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dc.contributor.authorHamlin, Michael J.en
dc.contributor.authorWilkes, Danielleen
dc.contributor.authorElliot, Catherineen
dc.contributor.authorLizamore, Catherineen
dc.contributor.authorKathiravel, Y.en
dc.date.accessioned2019-05-20T23:25:19Z
dc.date.available2019-01-29en
dc.date.issued2019-01-29en
dc.date.submitted2019-01-11en
dc.identifier.citationHamlin, M.J., Wilkes, D., Elliot, C.A., Lizamore, C.A., & Kathiravel, Y. (2019). Monitoring training loads and perceived stress in young elite university athletes. Frontiers in Physiology, 10, 34. doi:10.3389/fphys.2019.00034en
dc.identifier.issn1664-042Xen
dc.identifier.urihttps://hdl.handle.net/10182/10680
dc.description.abstractWith increased professionalism in sport there has been a greater interest in the scientific approach to training and recovery of athletes. Applying appropriate training loads along with adequate recovery, is essential in gaining maximal adaptation in athletes, while minimizing harm such as overreaching, overtraining, injury and illness. Although appropriate physical stress is essential, stress for many athletes may come from areas other than training. Stress from may arise from social or environmental pressure, and for many athletes who combine elite athletic training with university study, academic workloads create significant stress which adds to the constant pressure to perform athletically. This research aimed to determine if subjective stressors were associated with counterproductive training adaptations in university athletes. Moreover, it aimed to elucidate if, and when, such stressors are most harmful (i.e., certain times of the academic year or sports training season). We monitored subjective (mood state, energy levels, academic stress, sleep quality/quantity, muscle soreness, training load) and objective (injury and illness) markers in 182 young (18–22 years) elite athletes over a 4-year period using a commercially available software package. Athletes combined full-time university study with elite sport and training obligations. Results suggest athletes were relatively un-stressed with high levels of energy at the beginning of each university semester, however, energy levels deteriorated along with sleep parameters toward the examination periods of the year. A logistical regression indicated decreased levels of perceived mood (0.89, 0.85–0.94, Odds Ratio and 95% confidence limits), sleep duration (0.94, 0.91–0.97) and increased academic stress (0.91, 0.88–0.94) and energy levels (1.07, 1.01–1.14) were able to predict injury in these athletes. Examination periods coincided with the highest stress levels and increased likelihood of illness. Additionally, a sudden and high increase in training workload during the preseason was associated with an elevated incidence of injury and illness (r = 0.63). In conclusion, young elite athletes undertaking full-time university study alongside their training and competition loads were vulnerable to increased levels of stress at certain periods of the year (pre-season and examination time). Monitoring and understanding these stressors may assist coaches and support staff in managing overall stress in these athletes.en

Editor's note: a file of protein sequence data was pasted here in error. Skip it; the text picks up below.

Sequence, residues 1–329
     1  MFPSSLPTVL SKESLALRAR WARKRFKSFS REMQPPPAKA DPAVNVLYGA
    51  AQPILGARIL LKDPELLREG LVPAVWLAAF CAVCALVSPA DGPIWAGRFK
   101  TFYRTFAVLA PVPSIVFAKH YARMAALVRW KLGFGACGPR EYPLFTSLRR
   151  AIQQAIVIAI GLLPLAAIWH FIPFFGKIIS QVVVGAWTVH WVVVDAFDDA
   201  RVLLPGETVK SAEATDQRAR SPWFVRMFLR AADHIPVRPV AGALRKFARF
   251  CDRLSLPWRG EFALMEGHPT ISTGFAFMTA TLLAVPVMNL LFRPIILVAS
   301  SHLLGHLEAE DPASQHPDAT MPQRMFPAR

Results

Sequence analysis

dc.format.extent12en
dc.language.isoenen
dc.publisherFrontiers Mediaen
dc.relationThe original publication is available from - Frontiers Media - https://doi.org/10.3389/fphys.2019.00034en
dc.relation.urihttps://doi.org/10.3389/fphys.2019.00034en
dc.rights© 2019 Hamlin, Wilkes, Elliot, Lizamore and Kathiravel.en
dc.rights.urihttp://creativecommons.org/licenses/by/4.0/en
dc.rights.urihttp://creativecommons.org/licenses/by/4.0/en
dc.subjectstudent athletesen
dc.subjectacademic stressen
dc.subjectathletic performanceen
dc.subjectinjuryen
dc.subjectathletic monitoringen
dc.subjectillnessen
dc.subjectsport trainingen
dc.subjectathlete monitoringen
dc.subjectstudent-athletesen
dc.titleMonitoring training loads and perceived stress in young elite university athletesen
dc.typeJournal Article
lu.contributor.unitLincoln Universityen
lu.contributor.unitFaculty of Environment, Society and Designen
lu.contributor.unitDepartment of Tourism, Sport and Societyen
lu.contributor.uniten
lu.contributor.uniten
dc.identifier.doi10.3389/fphys.2019.00034en
dc.subject.anzsrc110602 Exercise Physiologyen
dc.subject.anzsrc1106 Human Movement and Sports Sciencesen
dc.subject.anzsrc170114 Sport and Exercise Psychologyen
dc.relation.isPartOfFrontiers in Physiologyen
pubs.notesArticle ID 34en
pubs.organisational-group/LU
pubs.organisational-group/LU/Faculty of Environment, Society and Design
pubs.organisational-group/LU/Faculty of Environment, Society and Design/DTSS
pubs.organisational-group/LU/Research Management Office
pubs.organisational-group/LU/Research Management Office/2018 PBRF Staff group
pubs.publication-statusPublisheden
pubs.volume10en
dc.rights.licenceAttributionen
dc.rights.licenceAttributionen
lu.identifier.orcid0000-0001-7941-8554
lu.identifier.orcid0000-0001-5594-4699


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